Over 30 Australian healthcare organisations have joined forces in voicing concerns at the potentially devastating drop in Australians presenting for vital health checks amid the COVID-19 pandemic.
It comes as the Continuity of Care Collaboration (CCC) today announced a new campaign telling Australians to “Don’t Wait Mate’ when it comes to their healthcare.
The Don’t Wait Mate campaign has been formulated in response to concerning data that shows a decrease in patient attendance at various health services across Australia. According to MBS data, there was a drop of 24% in face to face consultations in June 2020 compared to the same month last year.
During the first wave of COVID-19 pathology testing rates were down 40% on average across Australia and are currently down by 25% in Victoria.
Data from a major private laboratory and representative of national trends revealed that in April diabetes testing rates fell 54% compared to the weekly average in February 2020. Cervical cancer screening rates fell by 67%, tests for prostate cancer reduced by 56%, and other cancer related tests dropped by as much as 60%.
Although healthcare is one of the permitted reasons to leave home under COVID-19 restrictions, patients are still delaying seeking the care they need to manage chronic conditions, or to address new symptoms.
Research results from a consumer survey by the CCC found the most common reasons patients are delaying health checks. Over half of survey respondents (59%), had delayed health checks due to fear of catching COVID-19. 36% were worried that health services would be too busy to see them, and 23% thought they would be breaking the rules to leave their homes to receive healthcare.
The purpose of the Don’t Wait Mate campaign is to raise awareness of the importance of continuing regular healthcare and to ensure that Australians feel safe and confident to access care during the pandemic.
Concerns have also been raised following the decrease of around 15% in skin sample referrals to laboratories across the country. An alarming figure on a topic which is close to Jason Clare MP’s heart.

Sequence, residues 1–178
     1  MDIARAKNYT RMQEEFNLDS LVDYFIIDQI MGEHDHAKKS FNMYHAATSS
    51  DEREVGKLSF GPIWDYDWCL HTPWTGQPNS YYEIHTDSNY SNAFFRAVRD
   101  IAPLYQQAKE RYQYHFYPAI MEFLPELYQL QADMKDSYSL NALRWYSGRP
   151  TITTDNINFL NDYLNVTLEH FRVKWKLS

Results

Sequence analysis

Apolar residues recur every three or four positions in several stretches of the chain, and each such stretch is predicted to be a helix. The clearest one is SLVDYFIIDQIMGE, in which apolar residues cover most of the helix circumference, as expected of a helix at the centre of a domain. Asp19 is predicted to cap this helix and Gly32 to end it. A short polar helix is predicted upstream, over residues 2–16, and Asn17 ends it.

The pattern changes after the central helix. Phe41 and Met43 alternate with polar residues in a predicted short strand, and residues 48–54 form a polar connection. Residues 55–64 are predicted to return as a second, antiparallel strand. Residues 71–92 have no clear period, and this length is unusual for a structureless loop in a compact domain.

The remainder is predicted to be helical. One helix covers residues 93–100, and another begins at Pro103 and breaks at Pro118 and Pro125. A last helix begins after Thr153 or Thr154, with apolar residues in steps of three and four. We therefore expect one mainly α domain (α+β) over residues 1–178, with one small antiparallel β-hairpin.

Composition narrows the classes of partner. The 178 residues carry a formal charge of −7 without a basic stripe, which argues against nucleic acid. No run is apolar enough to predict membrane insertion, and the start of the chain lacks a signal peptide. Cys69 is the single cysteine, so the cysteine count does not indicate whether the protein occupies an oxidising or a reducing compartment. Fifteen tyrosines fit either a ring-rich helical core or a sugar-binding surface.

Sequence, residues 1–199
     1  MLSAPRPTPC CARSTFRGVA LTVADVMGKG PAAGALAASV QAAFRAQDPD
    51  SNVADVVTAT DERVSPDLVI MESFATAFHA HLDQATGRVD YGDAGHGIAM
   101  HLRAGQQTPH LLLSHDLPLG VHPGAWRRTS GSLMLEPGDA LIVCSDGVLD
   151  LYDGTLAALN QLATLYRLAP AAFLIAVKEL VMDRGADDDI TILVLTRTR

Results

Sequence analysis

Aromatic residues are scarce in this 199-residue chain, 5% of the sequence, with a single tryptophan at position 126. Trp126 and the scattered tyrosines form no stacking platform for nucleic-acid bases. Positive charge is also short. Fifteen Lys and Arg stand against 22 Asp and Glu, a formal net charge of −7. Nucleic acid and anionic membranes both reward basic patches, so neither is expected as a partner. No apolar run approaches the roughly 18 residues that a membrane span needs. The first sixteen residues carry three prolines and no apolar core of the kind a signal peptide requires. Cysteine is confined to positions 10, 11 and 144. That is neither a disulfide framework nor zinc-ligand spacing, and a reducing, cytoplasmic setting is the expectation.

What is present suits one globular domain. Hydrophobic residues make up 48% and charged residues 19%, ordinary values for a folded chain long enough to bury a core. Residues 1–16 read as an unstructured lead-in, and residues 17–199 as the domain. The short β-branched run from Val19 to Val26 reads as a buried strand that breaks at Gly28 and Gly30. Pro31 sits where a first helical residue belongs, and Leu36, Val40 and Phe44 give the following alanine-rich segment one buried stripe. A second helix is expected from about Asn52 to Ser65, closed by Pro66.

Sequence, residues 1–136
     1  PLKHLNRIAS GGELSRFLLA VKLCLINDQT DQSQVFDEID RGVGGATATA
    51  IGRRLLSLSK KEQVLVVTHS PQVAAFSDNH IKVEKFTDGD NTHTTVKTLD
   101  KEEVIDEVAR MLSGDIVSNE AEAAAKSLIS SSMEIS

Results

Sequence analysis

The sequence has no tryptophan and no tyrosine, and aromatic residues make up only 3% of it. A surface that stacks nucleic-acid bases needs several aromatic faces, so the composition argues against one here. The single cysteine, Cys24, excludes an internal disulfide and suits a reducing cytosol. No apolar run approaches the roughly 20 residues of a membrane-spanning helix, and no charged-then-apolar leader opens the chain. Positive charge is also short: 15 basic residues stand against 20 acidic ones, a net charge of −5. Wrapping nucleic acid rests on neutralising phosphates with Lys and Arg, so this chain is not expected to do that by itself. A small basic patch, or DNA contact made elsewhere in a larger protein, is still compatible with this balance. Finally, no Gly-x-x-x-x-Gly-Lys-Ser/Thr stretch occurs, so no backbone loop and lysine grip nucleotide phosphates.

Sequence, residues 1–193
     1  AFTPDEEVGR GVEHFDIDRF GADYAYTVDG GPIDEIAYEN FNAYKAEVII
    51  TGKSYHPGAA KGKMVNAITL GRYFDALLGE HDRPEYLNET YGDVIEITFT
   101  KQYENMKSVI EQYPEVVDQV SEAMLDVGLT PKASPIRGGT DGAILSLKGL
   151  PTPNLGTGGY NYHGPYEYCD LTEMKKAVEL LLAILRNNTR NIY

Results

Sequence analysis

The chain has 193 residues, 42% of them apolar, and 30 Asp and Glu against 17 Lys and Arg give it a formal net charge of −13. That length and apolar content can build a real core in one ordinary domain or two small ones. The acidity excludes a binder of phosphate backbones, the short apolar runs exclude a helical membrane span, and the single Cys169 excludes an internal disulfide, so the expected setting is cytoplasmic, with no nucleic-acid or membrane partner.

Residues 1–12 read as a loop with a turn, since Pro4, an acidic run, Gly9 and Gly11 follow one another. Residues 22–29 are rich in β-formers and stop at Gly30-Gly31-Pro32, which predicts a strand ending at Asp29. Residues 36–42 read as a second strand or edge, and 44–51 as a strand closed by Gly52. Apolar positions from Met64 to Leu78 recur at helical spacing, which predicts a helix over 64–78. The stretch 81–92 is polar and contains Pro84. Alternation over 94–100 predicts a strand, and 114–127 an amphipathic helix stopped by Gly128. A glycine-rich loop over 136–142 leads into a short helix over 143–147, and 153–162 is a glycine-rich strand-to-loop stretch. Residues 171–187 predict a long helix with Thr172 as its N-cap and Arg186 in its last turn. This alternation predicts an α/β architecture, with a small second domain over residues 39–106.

Speaking out in support of the campaign Hon Jason Clare MP said: “The work the CCC is doing to encourage Australians not to delay the healthcare they need is vital. Around this time last year, I noticed a mole on my leg was changing colour. I went and got a skin check. The mole was removed, and the pathology test revealed it was a malignant melanoma. I was lucky. We got it early. If I didn’t have that test the cancer could have spread to the rest of my body. I’m asking Australians to please go and get the checks you need done. It’s what I did. It saved my life and it could save your life too, Don’t Wait Mate.”
Pathology testing is a vital part of preventative healthcare such as screening tests, as well as for diagnosis and management of chronic diseases. John Crothers, Chair of Pathology Awareness Australia says that many people will now be overdue for tests they missed during the first months of the pandemic and that continued delays puts patients’ long-term health at risk.
Mr Crothers said: “Pathology tests can be lifesaving in diagnosing many serious diseases, as well as helping people manage chronic conditions such as diabetes, to maintain their health and quality of life. It is vital that anyone with an ongoing condition, new symptoms, or who is due for a screening test comes forward to get the care they need, please don’t wait.”
General Practitioners are also concerned that many patients are still staying away and delaying important GP appointments. Chair RACGP Victoria, Dr Cameron Loy said; “the last thing we want to see is a rise in health problems because patients have delayed care. My message to patients is this: if you have an ongoing or new health concern don’t wait, call your GP and make an appointment today. Your GP is there to help.
“It has never been easier to access care from your GP, with telephone and video appointments available. And it remains safe to visit the clinic if you need an in-person consultation, such as for a test. General practices have strict measures in place to keep patients, GPs and the practice team safe, including infection prevention and personal protective equipment. If you have cold or flu like symptoms, please call your practice first, don’t just drop in.”